In the U.S., the grizzly bear can be found in Alaska, Montana, Washington, Wyoming, and a few in Idaho. The population of grizzly bears in North America is around 55,000 with 31,000 of those in Alaska alone. Approximately 21,000 are in Canada and anywhere from 1200-1500 in the lower 48 states. The majority of the bears in the lower states are in Montana and Wyoming with a few pockets in Idaho and Washington.
Are grizzly bears endangered?
All grizzly bears in the lower 48 states have a threatened status and are protected by the government. The grizzly population in Yellowstone in 2018 was about 712 bears, down a little from previous years. Currently there are six recovery ecosystems for grizzly bears in the continental 48 states:
- Greater Yellowstone
- Northern Continental Divide
- Cabinet-Yaak Ecosystem, the Selkirk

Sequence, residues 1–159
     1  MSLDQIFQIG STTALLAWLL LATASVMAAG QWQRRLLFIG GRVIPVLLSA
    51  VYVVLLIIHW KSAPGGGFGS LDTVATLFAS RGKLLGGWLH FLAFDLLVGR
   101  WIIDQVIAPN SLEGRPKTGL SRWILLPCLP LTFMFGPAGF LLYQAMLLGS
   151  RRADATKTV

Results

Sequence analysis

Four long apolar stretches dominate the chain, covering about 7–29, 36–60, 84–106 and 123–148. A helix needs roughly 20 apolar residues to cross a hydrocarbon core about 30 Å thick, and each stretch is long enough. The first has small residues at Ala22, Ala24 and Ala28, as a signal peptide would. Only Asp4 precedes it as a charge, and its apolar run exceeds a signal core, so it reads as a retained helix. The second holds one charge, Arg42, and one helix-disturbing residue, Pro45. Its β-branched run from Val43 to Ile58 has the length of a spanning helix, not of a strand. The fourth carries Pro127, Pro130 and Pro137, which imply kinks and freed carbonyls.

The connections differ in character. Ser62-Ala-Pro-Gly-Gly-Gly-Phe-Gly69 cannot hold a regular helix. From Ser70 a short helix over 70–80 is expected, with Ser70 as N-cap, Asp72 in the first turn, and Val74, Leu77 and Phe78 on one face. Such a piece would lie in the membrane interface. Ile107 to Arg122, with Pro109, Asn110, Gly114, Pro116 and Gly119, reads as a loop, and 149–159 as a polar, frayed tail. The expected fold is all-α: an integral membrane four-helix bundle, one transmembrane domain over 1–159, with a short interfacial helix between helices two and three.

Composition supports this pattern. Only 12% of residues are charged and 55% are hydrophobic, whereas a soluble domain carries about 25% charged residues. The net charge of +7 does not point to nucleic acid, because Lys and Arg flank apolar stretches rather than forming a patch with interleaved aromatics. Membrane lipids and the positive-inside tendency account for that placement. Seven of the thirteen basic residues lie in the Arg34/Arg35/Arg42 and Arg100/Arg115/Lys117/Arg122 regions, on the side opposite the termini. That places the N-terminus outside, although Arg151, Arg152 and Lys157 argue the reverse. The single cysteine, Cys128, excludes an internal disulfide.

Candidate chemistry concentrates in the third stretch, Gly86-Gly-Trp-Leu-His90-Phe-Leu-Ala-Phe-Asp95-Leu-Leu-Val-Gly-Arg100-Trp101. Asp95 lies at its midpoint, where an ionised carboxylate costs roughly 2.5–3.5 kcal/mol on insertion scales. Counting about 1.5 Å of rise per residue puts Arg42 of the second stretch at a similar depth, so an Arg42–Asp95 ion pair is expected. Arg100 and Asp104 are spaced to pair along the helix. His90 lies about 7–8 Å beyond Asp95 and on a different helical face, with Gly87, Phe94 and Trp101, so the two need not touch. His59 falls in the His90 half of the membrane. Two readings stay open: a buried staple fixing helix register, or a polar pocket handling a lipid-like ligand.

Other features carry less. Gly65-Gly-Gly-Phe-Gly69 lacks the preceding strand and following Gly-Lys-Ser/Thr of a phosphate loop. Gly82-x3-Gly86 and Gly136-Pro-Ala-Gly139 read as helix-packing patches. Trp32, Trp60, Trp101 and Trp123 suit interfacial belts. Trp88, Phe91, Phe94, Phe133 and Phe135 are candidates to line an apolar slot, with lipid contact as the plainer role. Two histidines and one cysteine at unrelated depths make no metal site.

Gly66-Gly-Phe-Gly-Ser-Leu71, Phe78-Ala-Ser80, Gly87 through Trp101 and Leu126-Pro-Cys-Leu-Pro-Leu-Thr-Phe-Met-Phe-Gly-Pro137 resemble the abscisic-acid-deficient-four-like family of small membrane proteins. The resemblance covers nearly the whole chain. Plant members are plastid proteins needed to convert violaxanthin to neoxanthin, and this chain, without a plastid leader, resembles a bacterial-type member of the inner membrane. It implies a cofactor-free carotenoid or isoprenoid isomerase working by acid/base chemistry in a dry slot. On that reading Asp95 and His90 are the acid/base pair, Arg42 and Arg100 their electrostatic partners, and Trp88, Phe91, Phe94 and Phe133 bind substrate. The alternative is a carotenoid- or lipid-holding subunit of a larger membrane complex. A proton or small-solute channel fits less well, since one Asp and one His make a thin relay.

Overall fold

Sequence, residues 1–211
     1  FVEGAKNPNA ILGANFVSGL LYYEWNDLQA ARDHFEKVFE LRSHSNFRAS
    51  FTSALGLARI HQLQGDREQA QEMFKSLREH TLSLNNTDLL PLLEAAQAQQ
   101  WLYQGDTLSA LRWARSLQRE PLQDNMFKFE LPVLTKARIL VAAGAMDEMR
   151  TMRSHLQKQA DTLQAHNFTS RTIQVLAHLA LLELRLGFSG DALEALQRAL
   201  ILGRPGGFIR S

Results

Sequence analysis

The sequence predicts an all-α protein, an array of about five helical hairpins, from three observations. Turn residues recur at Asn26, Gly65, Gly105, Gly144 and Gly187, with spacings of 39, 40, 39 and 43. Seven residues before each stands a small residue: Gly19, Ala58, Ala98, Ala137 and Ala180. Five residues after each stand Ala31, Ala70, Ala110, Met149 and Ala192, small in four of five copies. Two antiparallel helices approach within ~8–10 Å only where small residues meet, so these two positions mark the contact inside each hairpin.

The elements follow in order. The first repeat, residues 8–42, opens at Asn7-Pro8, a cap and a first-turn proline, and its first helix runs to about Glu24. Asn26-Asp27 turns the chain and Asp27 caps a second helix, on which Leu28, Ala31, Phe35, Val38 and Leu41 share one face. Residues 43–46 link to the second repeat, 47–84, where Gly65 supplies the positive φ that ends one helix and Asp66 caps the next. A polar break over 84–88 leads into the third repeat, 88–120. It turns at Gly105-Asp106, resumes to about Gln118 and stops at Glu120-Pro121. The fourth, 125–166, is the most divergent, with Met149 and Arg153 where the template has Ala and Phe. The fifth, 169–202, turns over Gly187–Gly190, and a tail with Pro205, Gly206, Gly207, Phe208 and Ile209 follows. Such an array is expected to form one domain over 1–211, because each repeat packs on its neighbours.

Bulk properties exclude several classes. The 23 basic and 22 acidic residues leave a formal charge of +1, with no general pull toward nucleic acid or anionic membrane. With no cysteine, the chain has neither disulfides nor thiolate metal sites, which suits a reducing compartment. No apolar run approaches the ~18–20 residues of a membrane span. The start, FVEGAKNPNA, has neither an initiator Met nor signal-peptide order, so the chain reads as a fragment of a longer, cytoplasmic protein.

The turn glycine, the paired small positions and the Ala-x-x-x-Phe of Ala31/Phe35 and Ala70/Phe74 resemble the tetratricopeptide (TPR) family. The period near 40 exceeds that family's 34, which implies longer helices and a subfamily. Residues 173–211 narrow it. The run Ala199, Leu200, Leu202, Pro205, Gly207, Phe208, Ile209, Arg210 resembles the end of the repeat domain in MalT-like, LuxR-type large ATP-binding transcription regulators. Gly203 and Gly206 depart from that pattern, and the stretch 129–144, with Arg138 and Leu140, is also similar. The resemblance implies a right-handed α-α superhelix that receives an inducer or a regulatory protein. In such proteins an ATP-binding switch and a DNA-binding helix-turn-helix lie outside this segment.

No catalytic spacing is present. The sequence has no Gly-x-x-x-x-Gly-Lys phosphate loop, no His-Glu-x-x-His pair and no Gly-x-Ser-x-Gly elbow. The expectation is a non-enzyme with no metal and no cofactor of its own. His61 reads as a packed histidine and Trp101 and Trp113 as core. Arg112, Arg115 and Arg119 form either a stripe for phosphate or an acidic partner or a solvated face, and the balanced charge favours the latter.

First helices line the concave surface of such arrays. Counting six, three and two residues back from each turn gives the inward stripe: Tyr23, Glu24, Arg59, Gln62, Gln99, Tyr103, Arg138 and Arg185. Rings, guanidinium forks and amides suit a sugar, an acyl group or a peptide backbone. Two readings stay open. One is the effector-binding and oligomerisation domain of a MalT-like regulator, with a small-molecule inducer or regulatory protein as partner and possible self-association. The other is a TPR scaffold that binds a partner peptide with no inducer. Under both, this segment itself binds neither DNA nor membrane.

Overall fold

- North Cascades
The grizzly bear is in no danger of extinction in Alaska, the polar bear however is listed as threatened on the endangered species list there.
Do grizzly bears attack humans?
Grizzly bears attacks do happen sometimes, enough to keep as much distance as possible from these animals. Assuming you are going Yellowstone National Park and wondering what your chances are to have a run in with a Grizzly, pretty astronomical. According to the National Park Service you have a 1 in 2.7 million chance (1 in 2.7 million visits ti the park) of being injured by a grizzly at Yellowstone.
Cool grizzly bear facts
- 75% of a grizzly bear’s diet is berries, leaves and nuts
- A grizzly bear’s front claws can reach 4 inches in length
- Grizzly bears eat up to 90 pounds of food a day
- In 1807 President Thomas Jefferson was given a pair of grizzly bear cubs as a gift which he kept on the white house grounds
- They will occasionally interbreed with polar bears creating a hybrid that people call grolar bears